Purchase this article with an account.
E.J. Davies, B.J. Chen, D. DeOliveira, G. Homayounfar, N.J. Chao, D.W. Rickman; Cells From Transplanted Adult Bone Marrow and Fetal Blood Contribute to Homeostatic Remodeling of the Ocular Perivascular Microenvironment . Invest. Ophthalmol. Vis. Sci. 2006;47(13):1775.
Download citation file:
© ARVO (1962-2015); The Authors (2016-present)
To determine the fates of hematopoietically–derived cells in the homeostatic maintenance of the non–injured ocular vascular microenvironment and to lay the foundation for their use in vascular repair in the treatment of retinal hypoxic injury.
C57BL/6 mice were lethally irradiated and transplanted, via tail vein injection, with 1 X 107 GFP–labeled cells from T–cell–depleted adult bone marrow (BM) or 1 X 106 cells from full–term fetal blood (FB, a experimental model of umbilical cord blood). Mice were sacrificed at 1–6 mo following transplantation, and eyes were dissected, cryosectioned and processed for fluorescence microscopy using the nuclear stain, DAPI, and antibodies to retinal cell type–specific markers [rhodopsin, recoverin, protein kinase C (α–PKC) and glial fibrilary acidic protein (GFAP)] or endothelial– (CD31), macrophage– (F4/80) and panleukocyte– (CD45) specific antigens. All secondary antibodies were conjugated to Cy3.
All animals displayed hematopoietic reconstitution (>95% full chimerism) at 1 mo. Analysis of DAPI–stained retinal sections showed no evidence of non–specific radiation–induced thinning of nuclear layers at any time point examined. Furthermore, staining with retinal cell type–specific markers showed normal distributions of photoreceptor and bipolar cells, as well as a lack of Müller cell hypertrophy. In both BM– and FB–transplanted animals, GFP+ cells were closely associated with the retinal, ciliary, choroidal and scleral vasculature at all time points. Most cells were confined to the lumina of vessels, and many were CD45+. Within choroidal vessels, in particular, numerous elongated GFP+ cells were seen in close apposition to the luminal surface, but no conclusive GFP+/CD31+ cells were observed. GFP+ cells were also abluminal to CD31+ endothelial cells and often contained CD31+ intracytoplasmic inclusions, indicating active endothelial cell phagocytosis. In addition, many perivascular GFP+ cells were F4/80+, further confirming their roles as macrophages.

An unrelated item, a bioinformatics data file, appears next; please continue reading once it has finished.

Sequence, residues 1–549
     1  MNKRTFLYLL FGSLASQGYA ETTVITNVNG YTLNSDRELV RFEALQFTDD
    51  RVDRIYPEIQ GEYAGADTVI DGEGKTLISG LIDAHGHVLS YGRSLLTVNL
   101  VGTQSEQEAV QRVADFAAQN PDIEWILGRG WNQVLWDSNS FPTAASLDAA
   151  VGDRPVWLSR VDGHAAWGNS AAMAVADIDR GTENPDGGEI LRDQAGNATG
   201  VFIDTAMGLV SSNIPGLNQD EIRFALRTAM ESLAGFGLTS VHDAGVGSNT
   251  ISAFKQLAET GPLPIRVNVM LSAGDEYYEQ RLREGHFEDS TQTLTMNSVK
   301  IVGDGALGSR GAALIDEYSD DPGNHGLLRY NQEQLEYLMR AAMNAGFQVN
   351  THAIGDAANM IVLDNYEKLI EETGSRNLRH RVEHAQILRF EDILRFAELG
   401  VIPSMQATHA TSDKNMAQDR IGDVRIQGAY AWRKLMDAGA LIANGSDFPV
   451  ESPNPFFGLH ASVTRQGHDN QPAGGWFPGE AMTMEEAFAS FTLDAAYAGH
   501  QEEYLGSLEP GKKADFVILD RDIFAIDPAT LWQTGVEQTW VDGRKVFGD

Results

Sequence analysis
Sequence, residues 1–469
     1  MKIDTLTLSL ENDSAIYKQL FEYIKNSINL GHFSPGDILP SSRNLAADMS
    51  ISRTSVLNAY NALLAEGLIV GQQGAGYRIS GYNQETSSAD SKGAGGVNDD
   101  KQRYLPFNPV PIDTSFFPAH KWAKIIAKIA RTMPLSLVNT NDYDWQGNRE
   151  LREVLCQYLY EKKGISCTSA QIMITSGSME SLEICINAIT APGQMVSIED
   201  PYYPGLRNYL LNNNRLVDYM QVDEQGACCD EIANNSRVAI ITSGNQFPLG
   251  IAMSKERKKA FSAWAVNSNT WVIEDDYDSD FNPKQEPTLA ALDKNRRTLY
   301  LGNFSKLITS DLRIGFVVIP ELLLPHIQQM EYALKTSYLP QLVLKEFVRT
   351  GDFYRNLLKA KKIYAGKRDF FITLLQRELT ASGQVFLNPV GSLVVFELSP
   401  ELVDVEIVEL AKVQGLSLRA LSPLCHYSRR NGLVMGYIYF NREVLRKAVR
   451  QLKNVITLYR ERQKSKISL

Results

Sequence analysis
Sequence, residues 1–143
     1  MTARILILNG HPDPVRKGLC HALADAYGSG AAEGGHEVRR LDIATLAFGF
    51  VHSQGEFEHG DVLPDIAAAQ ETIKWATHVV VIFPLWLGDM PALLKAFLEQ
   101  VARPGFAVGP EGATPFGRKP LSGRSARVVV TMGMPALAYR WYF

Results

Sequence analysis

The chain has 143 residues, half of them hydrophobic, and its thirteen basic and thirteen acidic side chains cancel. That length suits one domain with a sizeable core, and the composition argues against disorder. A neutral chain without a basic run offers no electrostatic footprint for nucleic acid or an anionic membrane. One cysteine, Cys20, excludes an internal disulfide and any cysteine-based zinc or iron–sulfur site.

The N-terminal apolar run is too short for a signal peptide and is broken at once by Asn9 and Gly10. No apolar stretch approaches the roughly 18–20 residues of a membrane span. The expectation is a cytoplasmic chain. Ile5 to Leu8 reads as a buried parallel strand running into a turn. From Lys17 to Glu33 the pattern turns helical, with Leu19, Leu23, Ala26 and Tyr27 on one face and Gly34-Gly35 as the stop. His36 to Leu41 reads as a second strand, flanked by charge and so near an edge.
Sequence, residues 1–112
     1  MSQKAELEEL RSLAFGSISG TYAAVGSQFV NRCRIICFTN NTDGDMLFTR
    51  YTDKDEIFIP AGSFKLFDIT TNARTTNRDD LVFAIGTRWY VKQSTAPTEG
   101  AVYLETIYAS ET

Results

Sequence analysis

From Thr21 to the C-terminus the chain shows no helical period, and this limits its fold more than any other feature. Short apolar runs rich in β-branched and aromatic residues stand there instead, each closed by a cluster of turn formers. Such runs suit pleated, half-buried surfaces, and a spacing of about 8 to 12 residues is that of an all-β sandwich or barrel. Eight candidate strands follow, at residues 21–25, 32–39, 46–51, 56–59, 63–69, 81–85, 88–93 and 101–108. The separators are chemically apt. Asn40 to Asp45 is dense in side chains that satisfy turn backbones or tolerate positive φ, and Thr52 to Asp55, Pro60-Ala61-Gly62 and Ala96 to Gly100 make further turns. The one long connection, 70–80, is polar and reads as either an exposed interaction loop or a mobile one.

Transplanted cells from BM or FB can contribute to the homeostatic, phagocytic remodeling of the ocular vasculature. Although we observed no evidence of a GFP+ cell contribution to the vascular endothelium in this non–injury model, determination of the full potential of transplantation in vascular repair awaits testing in a model of hypoxic injury. Nevertheless, here we demonstrate the potential utility of both BM and umbilical cord blood in this process.
This PDF is available to Subscribers Only